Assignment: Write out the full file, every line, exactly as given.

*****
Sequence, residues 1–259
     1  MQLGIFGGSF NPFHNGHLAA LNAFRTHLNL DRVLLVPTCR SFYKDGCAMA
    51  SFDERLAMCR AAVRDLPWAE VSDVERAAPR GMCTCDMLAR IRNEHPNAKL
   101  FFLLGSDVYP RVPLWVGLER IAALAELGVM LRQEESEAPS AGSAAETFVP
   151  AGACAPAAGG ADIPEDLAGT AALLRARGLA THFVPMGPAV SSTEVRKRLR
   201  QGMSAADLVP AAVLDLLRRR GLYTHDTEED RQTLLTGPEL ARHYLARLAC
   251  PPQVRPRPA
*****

Sequence, residues 1–259
     1  MQLGIFGGSF NPFHNGHLAA LNAFRTHLNL DRVLLVPTCR SFYKDGCAMA
    51  SFDERLAMCR AAVRDLPWAE VSDVERAAPR GMCTCDMLAR IRNEHPNAKL
   101  FFLLGSDVYP RVPLWVGLER IAALAELGVM LRQEESEAPS AGSAAETFVP
   151  AGACAPAAGG ADIPEDLAGT AALLRARGLA THFVPMGPAV SSTEVRKRLR
   201  QGMSAADLVP AAVLDLLRRR GLYTHDTEED RQTLLTGPEL ARHYLARLAC
   251  PPQVRPRPA